The first actual photography of motion occurred in 1877 when Eadweard Muybridge made instantaneous still photographs of a running horse. Muybridge set up 24 still cameras in a row alongside a racetrack. Each shutter of each camera was connected to a string. As the horse would run by, it broke each string which tripped the camera shutter exposing that camera's film.

(Eadward Muybridge) (Horse-in-motion still photographs)
Eadward Muybridge The first photographs of motion
Photos courtesy of Michael Linder at www.linder.com/muybridge/

In the late 1800's, the inventors Thomas Armat, Thomas A. Edison, Charles F. Jenkins, and Woodville Lantham of the United States; William Friese Green and Robert W. Paul of Great Britain; and the brothers Louis and Auguste Lumiere, and Etienne Jules Marey of France all made discoveries and advances in developing a device to produce motion pictures. No one knows exactly who was the first to produce and project motion pictures.

Edison began working on a device to make pictures appear to move. Two years after he began, he succeeded in 1889, after Hannibal W. Goodwin, an American clergyman, developed a transparent Celluloid film base. This film was able to be run rapidly through a camera while photographing a series of pictures. Previously, pieces of glass were coated with a film of light sensitive chemicals. Obviously, the glass was a little large and clunky and could not be run rapidly through a motion-picture camera like the flexible Celluloid film. George Eastman, a pioneer in photographic equipment, manufactured the celluloid film.

With this new flexible film, Edison or his assistant William Kennedy Laurie Dickson invented the kinetoscope. It is unknown which one of the two actually invented it. The kinetoscope was a large cabinet which housed 50 feet (15 meters) of film which revolved on spools. A person looking through a peephole in the cabinet would be able to see the moving pictures.

(Thomas Edison with Home Kinetoscope)
Thomas Edison with his Home Kinetoscope (22mm).
Photo courtesy of Michael Rogge at www.xs4all.nl/~wichm/filmsize.html

In 1894, in New York City, London, and Paris, coin-operated kinetoscopes were set up in Kinetoscope Parlors. Even thought these Kinetoscopes were successful, Edison had little hope in motion pictures believing them only to be of passing interest. However, other inventors in the United states and Europe disagreed and went on to develop better motion picture cameras and projectors.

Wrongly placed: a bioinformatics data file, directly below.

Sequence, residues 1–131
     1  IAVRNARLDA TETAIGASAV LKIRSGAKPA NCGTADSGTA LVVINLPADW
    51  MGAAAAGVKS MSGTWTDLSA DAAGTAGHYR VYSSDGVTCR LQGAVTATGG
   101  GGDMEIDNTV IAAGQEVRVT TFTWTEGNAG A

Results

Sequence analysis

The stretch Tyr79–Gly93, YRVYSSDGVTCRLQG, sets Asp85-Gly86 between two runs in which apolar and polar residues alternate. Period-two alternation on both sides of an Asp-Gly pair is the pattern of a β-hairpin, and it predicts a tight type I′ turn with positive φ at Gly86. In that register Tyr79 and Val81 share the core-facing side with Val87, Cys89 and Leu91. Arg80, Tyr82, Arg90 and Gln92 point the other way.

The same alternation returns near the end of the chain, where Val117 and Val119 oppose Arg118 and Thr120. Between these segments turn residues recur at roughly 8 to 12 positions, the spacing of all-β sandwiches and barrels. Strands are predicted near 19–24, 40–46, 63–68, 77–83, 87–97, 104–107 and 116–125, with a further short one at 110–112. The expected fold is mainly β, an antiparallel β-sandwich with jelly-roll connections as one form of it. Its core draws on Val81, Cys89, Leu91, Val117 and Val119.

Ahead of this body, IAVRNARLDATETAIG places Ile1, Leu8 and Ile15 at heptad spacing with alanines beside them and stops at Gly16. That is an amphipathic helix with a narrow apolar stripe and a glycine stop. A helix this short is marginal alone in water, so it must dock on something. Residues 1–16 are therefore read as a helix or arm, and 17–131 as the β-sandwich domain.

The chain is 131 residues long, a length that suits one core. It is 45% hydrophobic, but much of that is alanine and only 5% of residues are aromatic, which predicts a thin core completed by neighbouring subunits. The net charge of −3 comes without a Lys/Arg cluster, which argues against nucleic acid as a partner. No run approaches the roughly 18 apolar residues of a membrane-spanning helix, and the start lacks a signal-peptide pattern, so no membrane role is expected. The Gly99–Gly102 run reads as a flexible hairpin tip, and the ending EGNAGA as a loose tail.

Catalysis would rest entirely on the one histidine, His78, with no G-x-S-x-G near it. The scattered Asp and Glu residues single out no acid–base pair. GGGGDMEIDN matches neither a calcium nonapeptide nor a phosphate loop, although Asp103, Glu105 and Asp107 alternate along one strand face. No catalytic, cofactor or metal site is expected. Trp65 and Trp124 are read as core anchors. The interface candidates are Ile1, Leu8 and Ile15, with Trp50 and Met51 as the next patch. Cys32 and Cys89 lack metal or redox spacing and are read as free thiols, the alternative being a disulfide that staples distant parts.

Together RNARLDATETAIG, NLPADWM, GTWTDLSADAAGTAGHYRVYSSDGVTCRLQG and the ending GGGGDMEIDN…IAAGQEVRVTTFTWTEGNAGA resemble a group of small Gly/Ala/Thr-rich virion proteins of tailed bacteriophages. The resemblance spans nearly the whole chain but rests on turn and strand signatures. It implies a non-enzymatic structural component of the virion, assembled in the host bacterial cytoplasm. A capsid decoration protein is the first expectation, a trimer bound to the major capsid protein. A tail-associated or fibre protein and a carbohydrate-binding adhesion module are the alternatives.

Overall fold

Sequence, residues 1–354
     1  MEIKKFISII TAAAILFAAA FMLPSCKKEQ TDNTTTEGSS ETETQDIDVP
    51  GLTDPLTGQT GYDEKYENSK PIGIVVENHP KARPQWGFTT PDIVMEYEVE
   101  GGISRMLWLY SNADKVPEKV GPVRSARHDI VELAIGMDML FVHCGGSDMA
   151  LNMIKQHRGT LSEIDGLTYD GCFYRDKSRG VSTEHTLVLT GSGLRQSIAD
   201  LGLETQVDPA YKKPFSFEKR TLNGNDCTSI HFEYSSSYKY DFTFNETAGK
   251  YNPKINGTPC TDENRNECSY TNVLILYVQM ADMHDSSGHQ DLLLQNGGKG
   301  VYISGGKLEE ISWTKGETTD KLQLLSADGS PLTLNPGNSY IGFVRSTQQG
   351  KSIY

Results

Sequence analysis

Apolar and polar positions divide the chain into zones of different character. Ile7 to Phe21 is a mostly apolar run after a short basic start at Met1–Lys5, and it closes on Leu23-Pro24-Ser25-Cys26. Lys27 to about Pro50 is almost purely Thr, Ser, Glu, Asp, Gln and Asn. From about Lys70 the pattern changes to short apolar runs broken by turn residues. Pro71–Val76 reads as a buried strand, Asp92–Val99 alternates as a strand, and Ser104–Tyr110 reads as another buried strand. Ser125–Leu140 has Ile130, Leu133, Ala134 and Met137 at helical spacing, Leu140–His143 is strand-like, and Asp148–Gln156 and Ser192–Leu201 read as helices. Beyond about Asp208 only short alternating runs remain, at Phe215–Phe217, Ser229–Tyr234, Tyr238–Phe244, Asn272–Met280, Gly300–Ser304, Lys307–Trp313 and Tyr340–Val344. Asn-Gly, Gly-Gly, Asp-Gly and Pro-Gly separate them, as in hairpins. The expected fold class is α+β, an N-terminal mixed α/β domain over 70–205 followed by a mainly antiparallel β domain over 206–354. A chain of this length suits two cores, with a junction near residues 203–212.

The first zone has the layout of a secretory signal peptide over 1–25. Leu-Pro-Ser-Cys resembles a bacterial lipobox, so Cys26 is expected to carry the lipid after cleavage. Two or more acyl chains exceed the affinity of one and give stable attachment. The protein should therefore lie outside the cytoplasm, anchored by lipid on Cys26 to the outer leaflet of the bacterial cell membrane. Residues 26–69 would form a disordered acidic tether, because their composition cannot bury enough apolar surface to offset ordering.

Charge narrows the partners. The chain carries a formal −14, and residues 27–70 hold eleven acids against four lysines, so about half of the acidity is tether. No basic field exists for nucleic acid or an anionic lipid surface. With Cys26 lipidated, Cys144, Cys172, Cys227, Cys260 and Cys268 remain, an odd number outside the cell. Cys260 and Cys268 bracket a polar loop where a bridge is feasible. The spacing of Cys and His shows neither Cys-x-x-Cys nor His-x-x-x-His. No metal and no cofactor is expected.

The first motion picture to be publicly projected onto a screen occurred on December 28, 1895 in a Paris cafe. Like most other early filmmakers, the Lumiere brothers showed simple scenes in action at the cafe, there was no story to the film. The motion picture simply relished the idea of capturing vivid motion and projecting it onto a screen. Soon movies were shown in all major European cities.

(Cinematographe Lumiere)
Lumiere Brothers' poster.

Now Edison realized the importance and commercial possibilities of motion pictures. He soon adapted a projector invented by Armat and called it the projecting kinetoscope. Edison presented the first public projected motion pictures at Koster and Bial's Music Hall in New York City on April 23, 1896.

Courtesy Of The Book Motion Pictures:"How MotionPictures Work"




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6 comments:

Red Starr said...

"In reality, the screen is black, when between frames, more often than when it is illuminated with a frame. " I really didn't know that...interesting stuff here! I am a movie geek...love them all!

Ash said...

Fantastic post! I really like how your blog often deals with the artistry that goes into making a film.

Ash.

Kathy said...

Wow, that's a lot of information! Very interesting.

Johnskibeat said...

It reminds me of the scene from Fight Club where Brad Pitt's character cuts in one filthy slide into the filmstrip...
I have such a purile mind!

P.S. I'll have a review of The Bourne Ultimatum by the weekend... it's gonna be a cracker! Drop on by.

Edit Suite 8 Team said...

brilliant post. good read. thanks.

NeoAuteur said...

Very informative! Thanks for sharing.